The Rig Veda holds a significant place among the ancient scriptures of the Hindu tradition. It is the earliest of the four Vedas and serves as a crucial text in the religious and cultural heritage of India. Composed in the Vedic language, which later evolved into classical Sanskrit, the Rig Veda is a collection of hymns dedicated to various deities and recited during sacred rituals.

Organized into ten books called maṇḍalas, the Rig Veda consists of 1028 hymns. Each maṇḍala contains sūktas, which are hymns composed of individual strophes known as ṛc or ric. The name "Rig Veda" itself refers to the collection of these hymns. This ancient text is considered one of the oldest surviving works in any Indo-European language, and it is believed to have originated in the region of present-day Pakistan between 1500 and 1200 BCE.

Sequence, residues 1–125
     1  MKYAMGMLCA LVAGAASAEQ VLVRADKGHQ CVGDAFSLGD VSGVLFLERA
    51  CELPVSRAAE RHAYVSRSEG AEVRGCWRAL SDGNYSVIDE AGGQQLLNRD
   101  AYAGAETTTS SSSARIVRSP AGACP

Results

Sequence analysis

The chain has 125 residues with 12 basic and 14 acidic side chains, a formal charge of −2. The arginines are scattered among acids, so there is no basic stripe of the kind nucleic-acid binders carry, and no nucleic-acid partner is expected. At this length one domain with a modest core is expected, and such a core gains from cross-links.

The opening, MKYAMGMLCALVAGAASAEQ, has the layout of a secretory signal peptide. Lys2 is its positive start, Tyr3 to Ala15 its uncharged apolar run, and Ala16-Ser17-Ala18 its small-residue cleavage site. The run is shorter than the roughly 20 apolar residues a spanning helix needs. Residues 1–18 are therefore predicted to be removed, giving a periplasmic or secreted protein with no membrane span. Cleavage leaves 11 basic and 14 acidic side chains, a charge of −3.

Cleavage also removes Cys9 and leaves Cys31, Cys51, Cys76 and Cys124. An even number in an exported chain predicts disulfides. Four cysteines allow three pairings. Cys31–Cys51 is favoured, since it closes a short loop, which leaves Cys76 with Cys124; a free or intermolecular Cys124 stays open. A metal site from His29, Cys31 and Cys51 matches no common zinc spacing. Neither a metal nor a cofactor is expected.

The manuscript of the Rig Veda, written on coarse paper by different scribes, represents the Padapātha version. This version preserves the word-by-word recitation of the hymns. The manuscript is adorned with accentuation marks in red, indicating three main accents: udātta (acute), anudātta (unmarked low), and svarita (grave accent). These marks play a vital role in the rhythmic and melodic rendition of the hymns during chanting and recitation.